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Sunday, September 23, 2012

Humour can pay off at workplace

When senior writer Guy de Noronha ended a meeting by saying, "I think we've both had enough of each other; let's call it a day," he had his boss in splits. A well-timed, harmless one-liner is capable of thawing the atmosphere, and the workplace is no exception.

With mounting stress, it's paramount that our workplace is a happy one. Interestingly, even employers are taking a shine to the humour quotient by seeking candidates with a lighter vein among their other skill sets. A worker with a sense of humour is any day easier to deal with compared to his grumpy counterpart. Affirms Priyanka Sharma (name changed) who manages the call centre at a multinational banking company, "A worker with a sense of humour is crucial in the calling business, as he passes on the same vivacity to customers on the other end who can only hear him. Besides, such people help keep the team motivated with their light-heartedness." Shares model Amit Ranjan, "Amid hectic fitting sessions and rehearsals before a fashion show, a witty colleague can help ease the pressure."

In a professional atmosphere, wit goes a long way in articulating your opinion, provided it is not directed at someone. Just as humour has its highs, a failed attempt at being funny can suddenly strip you of your admirers. Believes Aseem Sadana, co-founder of Isango, a global online travel experiences company, "Humour can be dangerous, if not practised subtly. It does wonders when you have reached an impasse." But Aseem also feels that its application should solely be subject to the listener's mood and body language. Seconds Guy, "It's good to say something witty in a meeting where everyone's tense, but don't come up with a book of jokes and go on till lunch time! You should be known as someone with a sense of humour, not as a comedian."

If humour makes you approachable, does it make sense for a leader to indulge his lighter side? "You have to deal with different mindsets in a team," says Priyanka, "The ones who are not open to feedback can be dealt with using humour. Applying wit at all times can make you look too casual."

Laughter is the best medicine in creative professions such as dancing, too. Says Rajeshwari Sainath, B h a rat a n at ya m danseuse and director of the Hyderabad-based dance institute Sruthi Laya Kendra, "Humour connects me to my students. If I am going to be matter-of-fact while teaching, I will not be able to engage their interest. It is important to smile while dancing, but some students refuse to do so despite repeated prompting. That's when I come up with one-liners like 'don't look like a scientist, you are an artist', and they break into a smile." Rajeshwari, however, gives a lot of importance to the quality of humour, "It shouldn't be aimed at berating a person. By inducing sarcasm you are killing humour."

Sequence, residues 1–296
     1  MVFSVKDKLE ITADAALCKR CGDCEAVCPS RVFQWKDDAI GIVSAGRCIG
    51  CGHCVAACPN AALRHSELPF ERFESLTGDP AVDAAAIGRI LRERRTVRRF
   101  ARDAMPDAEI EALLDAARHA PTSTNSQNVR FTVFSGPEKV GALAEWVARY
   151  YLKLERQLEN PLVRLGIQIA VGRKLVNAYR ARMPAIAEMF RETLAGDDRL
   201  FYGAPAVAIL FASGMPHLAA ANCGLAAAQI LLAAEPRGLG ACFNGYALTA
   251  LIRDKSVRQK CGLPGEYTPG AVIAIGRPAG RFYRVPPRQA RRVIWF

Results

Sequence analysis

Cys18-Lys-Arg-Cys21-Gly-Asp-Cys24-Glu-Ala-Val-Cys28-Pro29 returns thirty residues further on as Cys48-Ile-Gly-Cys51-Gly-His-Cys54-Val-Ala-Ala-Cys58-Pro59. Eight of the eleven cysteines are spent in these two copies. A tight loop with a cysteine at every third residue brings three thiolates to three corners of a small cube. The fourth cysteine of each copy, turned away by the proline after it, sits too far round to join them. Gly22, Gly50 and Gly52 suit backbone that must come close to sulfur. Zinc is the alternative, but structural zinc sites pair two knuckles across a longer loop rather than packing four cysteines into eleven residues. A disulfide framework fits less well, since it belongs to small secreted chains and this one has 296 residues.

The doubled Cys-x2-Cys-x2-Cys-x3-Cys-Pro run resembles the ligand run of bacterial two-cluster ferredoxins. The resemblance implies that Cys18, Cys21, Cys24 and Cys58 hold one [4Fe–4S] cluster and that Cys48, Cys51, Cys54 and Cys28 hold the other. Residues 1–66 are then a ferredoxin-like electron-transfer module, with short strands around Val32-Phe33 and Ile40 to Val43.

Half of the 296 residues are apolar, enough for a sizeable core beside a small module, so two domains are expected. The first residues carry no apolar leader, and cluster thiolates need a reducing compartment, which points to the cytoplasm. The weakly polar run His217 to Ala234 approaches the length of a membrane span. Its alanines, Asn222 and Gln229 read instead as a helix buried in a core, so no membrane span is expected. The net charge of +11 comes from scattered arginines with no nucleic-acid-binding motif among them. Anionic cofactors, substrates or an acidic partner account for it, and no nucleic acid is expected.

While you try to cheer your colleagues up with a witty remark, dabbling in sarcasm might just turn out to be your undoing. Explains psychologist, Dr Kamal Khurana, "Humour is an elegant way of making life happier. At the cost of being witty you shouldn't hurt someone's value system, particularly in an office environment where you are constantly being judged. Humour can never backfire, being silly can."

Humour comes easily to some people, but there are others who can try too hard to be witty and end up making faux pas that is remembered for time to come. And, while many believe you either have it, or you don't, some experts say one can always hone the latent talent over time. Justifies Aseem, 'By perpetuating humour you are making the workplace happier. And happier people deliver far more."

Whether it is an employer-employee or a peer-to-peer relationship, good wit should never go unappreciated. It de-stresses us momentarily and speaks volumes for the person who keeps a cool head in a tight situation and passes on the same feeling to those around.

So, if you know a good joke, it's time to share and spread the cheer! 
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